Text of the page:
U Alums send artwork into space on exterior of Blue Origin New Shepard rocket

October 01 2020

By Emeri Fetzer 

Uplift Aersopace
is taking art to new heights, literally.

The undertaking: paint commissioned artwork on the exterior of a Blue Origin New Shepard spacecraft, which will make the journey into space and back home. A unique collaboration between the fine arts and sciences, the project will reveal how art can evolve when exposed to the atmosphere’s harsh conditions, and — the team hopes — open doors to a whole new platform for artists and art lovers.

Josh Hanes, founder of Uplift Aerospace and alumnus of the University of Utah College of Science in Physics & Astronomy, is fueled by a strong creative streak, and a passion for innovation. 

“I have always been incredibly inspired by space. Actually when I was at the U of U, I started a club for space entrepreneurship,” Hanes said. “Space brings out our creative nature, our inner child, our nature to ask questions, to innovate and create, and I think that's also a big part of art.”

When it came to choosing who would paint, Hanes knew right away who he wanted. “The fact that this artwork is made not on a normal canvas but an actual spacecraft, with specialized paints, we wanted to be able to work with artists who were masters of their craft who had developed the skills and techniques to a level that is the best in the world. And that’s Jeff Hein and Mark Pugh.”

Jeff Hein, who studied painting and drawing in the University of Utah Department of Art & Art History, is a renowned painter called a “living Master” by the Art Renewal Center. Hein will work side-by-side on the commission with Mark Pugh, also an acclaimed surrealist painter.

“The chance to do something that's never been done before is always exciting for any artist,” Hein said. “I like to think that Mark and I bring something unique to the table in that we have experience with experimentation. I think it's not uncommon for artists to stay on a very narrow path throughout their careers. I've been all over the map and experimenting with lots of different mediums and different things. This is an entirely new medium for me, but I'm hopeful that we're up to the task.”

Artistry runs through every element of the project, blurring the typical definitions of what is creative and what is scientific. “Engineering in itself is an art form,” Hanes said. “A lot of the time, we think of engineering as very cold and methodical. But I think most of what we do, even with different methodology and processes, is create. If anything, this is blurring the line between engineer and artist, and being able to create something really beautiful from that.”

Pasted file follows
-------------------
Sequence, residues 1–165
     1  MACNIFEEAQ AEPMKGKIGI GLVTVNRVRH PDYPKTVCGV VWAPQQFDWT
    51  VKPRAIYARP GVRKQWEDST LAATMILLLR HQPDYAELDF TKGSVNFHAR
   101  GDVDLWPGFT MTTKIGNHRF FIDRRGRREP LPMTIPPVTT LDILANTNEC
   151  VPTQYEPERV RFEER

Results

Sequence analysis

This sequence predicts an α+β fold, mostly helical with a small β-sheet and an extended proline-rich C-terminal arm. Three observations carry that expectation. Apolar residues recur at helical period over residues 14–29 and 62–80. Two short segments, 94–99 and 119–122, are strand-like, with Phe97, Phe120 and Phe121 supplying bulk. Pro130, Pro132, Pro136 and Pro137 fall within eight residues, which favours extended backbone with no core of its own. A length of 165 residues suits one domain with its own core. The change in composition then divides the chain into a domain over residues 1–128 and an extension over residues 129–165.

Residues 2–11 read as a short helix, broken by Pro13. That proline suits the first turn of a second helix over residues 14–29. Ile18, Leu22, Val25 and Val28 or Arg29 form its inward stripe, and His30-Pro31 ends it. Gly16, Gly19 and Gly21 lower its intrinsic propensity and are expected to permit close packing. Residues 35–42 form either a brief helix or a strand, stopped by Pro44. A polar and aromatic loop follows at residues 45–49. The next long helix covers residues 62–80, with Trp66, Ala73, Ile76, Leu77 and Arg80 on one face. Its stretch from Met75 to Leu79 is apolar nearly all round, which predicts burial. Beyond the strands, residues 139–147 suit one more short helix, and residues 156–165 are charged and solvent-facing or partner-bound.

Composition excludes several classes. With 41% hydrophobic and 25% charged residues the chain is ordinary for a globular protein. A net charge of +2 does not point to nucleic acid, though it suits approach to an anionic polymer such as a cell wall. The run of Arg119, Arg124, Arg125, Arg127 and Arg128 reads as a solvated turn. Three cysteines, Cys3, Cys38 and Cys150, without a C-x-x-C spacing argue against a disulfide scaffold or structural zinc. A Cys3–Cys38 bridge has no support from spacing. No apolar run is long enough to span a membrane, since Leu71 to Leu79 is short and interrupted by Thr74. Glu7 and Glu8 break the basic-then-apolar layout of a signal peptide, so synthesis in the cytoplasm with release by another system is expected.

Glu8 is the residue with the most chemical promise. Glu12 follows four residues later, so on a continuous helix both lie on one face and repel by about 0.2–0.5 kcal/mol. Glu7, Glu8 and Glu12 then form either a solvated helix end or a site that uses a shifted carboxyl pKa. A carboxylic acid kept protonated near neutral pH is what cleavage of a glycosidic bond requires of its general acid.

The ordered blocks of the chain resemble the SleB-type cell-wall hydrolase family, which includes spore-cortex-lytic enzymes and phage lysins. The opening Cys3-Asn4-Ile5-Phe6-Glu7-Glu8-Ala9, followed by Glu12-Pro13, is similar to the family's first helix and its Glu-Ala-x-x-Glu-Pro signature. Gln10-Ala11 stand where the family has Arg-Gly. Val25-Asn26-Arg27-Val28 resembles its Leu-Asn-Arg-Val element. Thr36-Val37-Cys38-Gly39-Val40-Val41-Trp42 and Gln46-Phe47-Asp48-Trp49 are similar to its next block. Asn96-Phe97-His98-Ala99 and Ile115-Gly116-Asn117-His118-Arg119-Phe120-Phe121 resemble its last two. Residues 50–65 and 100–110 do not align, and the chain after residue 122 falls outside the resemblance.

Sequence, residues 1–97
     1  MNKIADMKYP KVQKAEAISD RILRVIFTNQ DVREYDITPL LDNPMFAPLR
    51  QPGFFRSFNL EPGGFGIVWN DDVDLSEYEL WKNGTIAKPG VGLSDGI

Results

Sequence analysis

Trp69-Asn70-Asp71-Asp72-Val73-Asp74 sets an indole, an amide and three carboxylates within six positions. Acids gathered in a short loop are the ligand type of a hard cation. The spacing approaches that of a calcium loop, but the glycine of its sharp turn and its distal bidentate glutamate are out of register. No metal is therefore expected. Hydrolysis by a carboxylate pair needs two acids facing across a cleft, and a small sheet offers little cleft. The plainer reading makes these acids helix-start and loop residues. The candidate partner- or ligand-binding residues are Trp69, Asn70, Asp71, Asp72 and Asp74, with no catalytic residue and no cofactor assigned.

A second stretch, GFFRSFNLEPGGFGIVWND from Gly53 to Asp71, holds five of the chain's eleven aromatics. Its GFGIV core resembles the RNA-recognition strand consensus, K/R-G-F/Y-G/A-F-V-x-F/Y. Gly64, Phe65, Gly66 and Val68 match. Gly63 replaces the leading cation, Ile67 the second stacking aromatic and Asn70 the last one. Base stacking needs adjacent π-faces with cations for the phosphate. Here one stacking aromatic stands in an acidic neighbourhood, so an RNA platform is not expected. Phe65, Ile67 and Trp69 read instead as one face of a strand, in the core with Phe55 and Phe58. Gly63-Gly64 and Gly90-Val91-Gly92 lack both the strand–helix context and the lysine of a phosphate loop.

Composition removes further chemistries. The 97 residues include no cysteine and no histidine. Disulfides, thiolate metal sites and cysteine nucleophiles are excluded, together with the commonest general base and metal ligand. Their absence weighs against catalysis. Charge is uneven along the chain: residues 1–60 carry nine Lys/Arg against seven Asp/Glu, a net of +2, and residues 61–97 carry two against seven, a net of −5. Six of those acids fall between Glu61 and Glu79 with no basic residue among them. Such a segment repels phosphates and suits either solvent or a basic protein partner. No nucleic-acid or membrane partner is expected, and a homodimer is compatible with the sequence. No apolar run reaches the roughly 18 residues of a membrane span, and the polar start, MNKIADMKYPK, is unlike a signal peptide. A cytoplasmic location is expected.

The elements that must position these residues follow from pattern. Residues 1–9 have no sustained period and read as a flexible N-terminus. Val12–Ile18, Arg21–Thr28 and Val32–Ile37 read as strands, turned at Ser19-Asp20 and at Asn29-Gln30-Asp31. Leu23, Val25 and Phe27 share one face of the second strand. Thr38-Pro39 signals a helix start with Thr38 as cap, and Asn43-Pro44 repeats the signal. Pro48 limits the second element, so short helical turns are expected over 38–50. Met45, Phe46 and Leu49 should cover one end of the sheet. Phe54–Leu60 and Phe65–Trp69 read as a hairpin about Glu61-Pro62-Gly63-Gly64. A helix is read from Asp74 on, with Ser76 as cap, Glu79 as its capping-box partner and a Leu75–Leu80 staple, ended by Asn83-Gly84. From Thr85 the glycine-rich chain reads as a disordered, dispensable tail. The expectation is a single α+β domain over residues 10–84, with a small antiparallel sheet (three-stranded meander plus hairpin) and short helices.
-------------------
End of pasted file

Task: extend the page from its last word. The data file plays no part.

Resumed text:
The team will use materials specifically designed and tested to endure the space mission. The paints Hein and Pugh will use are texturally very different from anything they’ve worked with before. “They almost have the thickness of watercolor paint but yet kind of a sticky consistency,” Hein described.

“Space brings out our creative nature, our inner child, our nature to ask questions, to innovate and create, and I think that's also a big part of art.”

Blue Origin, owned and led by Amazon.com founder Jeff Bezos and aerospace engineer Rob Meyerson, pioneered New Shepard spacecrafts as the first reusable suborbital rocket systems designed to take astronauts and research payloads into space. The specific trajectory of Uplift Aerospace’s mission is yet to be determined, but will be aligned with Blue Origin’s ongoing research.

“The artwork will go through every phase of launch, from the ground to mach speeds in the Project Artist Jeff and Mark Testing Painting Procedure on Test Panel atmosphere, to the vacuum of space and then re-entry. It will have to be able to withstand that. We want the artwork to be able to participate in the journey but maintain its integrity,” Hanes said. To better understand the results, the team is working with curators to analyze the paint before and after the journey.  

The lucky individuals that commission the artwork will not only own the finished piece (three sections of rocket exterior) but will also have a hand in its creation. “We would like whoever commissions the artwork to be able to have some creative role in it. Our focus really is to be able to pioneer the methods for future artists to be able to use this as a platform,” Hanes said.

Because of the limited color palette, the specialized materials, and the journey itself, the finished work will be one-of-a-kind in any collection. “Whoever collects this painting is going to have something that doesn't look like our oil paintings. Our aesthetic taste will be carried over into it, but it'll have its own character and be unique from anything else that you could buy,” Hein explained. “It shouldn’t look like an oil painting. This is a totally different medium, right? Even though it has its challenges, sometimes it's the challenges of the medium that makes an artwork unique and interesting.”

Follow developments on the project at upliftaerospace.com.